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Global Medical Response (GMR) has pledged to provide $1 million in relief aid to support the Bahamas emergency medical needs and infrastructure after Category 5 Hurricane Dorian devastated much of the country this week. The company will immediately send $250,000 to the Red Cross for Bahamian aid and is sending ambulances and equipment that will be donated to local authorities.
GMR also established a communications and coordination center for air medical operations in Nassau and has positioned two Airbus Super Pumas (H225 and AS332 L1), which are heavy lift air ambulances, and logistics support in South Florida for sustained EMS support operations.
“With widespread reports of flooding in hospitals and clinics, access to medical care is a considerable challenge for Bahamians,” said Ted Van Horne, chief operating officer of GMR. “Because of our experience planning for and providing responses to natural disasters, we know it is critical to get medical supplies and establish a system for emergency communications technology.”
GMR’s primary ground medical transportation company, American Medical Response (AMR), provides emergency and non-emergency ambulance service in Miami-Dade County and has a 60-year history of service to the community. With GMR’s significant air and ground medical transportation operations in nearby Florida, the company was able to deliver medical resources immediately.
GMR Relief Logistics:
- GMR donated one-half ton of emergency medical supplies on the first flight on Sept. 6;
- The Airbus H225 helicopter took off for Freeport Bahamas with emergency medical relief supplies on Sept. 6 at approximately 12:30 local time; and
- Carlos A. Gimenez, Mayor of Miami-Dade Florida and several local government officials, will be traveling with the Puma crew so he can meet Miami-Dade search-and-rescue teams already onsite.
GMR CEO Randy Owen said the company’s leadership team made the decision to send aid quickly after seeing the heartbreaking devastation in the country. “We take our everyday mission of providing care to the world at a moment’s notice seriously. The people in the Bahamas are dealing with an unprecedented catastrophe and they need help now.” He added that GMR teams continue to work with local officials, relief agencies and international organizations.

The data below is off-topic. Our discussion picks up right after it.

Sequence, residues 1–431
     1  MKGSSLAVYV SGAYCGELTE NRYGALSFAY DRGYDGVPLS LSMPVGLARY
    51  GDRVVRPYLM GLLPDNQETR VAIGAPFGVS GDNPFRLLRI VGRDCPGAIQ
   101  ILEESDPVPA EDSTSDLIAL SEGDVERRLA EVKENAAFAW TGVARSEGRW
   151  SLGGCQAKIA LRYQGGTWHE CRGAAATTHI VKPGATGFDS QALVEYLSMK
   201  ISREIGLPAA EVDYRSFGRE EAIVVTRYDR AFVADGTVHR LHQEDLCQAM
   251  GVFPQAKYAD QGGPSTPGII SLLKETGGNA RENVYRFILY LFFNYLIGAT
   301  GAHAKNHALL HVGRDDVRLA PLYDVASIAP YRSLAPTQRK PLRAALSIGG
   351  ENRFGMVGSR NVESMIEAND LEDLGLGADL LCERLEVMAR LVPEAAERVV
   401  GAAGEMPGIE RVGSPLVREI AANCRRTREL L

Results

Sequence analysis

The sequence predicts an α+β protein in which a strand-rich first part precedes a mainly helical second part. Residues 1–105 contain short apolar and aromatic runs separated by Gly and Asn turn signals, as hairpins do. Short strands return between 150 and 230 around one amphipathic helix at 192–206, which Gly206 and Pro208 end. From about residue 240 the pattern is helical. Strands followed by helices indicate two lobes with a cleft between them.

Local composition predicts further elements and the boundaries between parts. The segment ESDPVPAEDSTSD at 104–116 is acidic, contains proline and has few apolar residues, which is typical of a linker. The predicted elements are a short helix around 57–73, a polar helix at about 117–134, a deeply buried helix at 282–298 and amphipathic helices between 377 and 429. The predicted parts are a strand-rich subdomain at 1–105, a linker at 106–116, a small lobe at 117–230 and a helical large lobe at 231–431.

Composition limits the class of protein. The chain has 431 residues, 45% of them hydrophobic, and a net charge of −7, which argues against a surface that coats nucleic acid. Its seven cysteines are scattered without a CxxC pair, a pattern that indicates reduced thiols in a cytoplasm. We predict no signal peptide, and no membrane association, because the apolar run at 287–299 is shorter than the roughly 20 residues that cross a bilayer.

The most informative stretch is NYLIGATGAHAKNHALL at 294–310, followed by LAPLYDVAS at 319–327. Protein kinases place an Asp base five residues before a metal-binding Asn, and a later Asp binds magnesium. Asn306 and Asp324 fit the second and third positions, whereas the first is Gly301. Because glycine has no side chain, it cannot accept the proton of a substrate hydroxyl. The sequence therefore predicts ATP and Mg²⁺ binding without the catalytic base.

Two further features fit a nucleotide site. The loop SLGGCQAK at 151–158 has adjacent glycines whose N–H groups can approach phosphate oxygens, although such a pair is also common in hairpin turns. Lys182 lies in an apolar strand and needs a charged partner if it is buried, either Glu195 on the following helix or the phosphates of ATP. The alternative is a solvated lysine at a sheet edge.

Owen also said that GMR has been responding to the government’s request for Hurricane Dorian support in the United States. On Aug. 30, GMR activated its AMR National Command Center (NATCOM) in Dallas and deployed nearly 1,800 ground and air paramedics and EMTs, hundreds of ambulances, 10 fixed-wing and rotary-wing aircraft and dozens of paratransit teams and vehicles. This was in response to FEMA’s request to AMR for EMS deployment for Hurricane Dorian. GMR still has air and ground assets positioned in South Carolina.
Throughout the deployment, NATCOM staff remotely monitored crews sent to the region, dispatched onsite crews to respond to hurricane-related emergencies and evacuations, and closely monitored crews in the affected disaster areas 24-7. As the nation’s largest provider of ground medical transportation and FEMA’s prime emergency medical service response provider, AMR has a national agreement with FEMA to provide ground ambulance, air ambulance, paratransit services and non-ambulance EMS personnel to supplement the federal and military response to a disaster, an act of terrorism or any other public health emergency.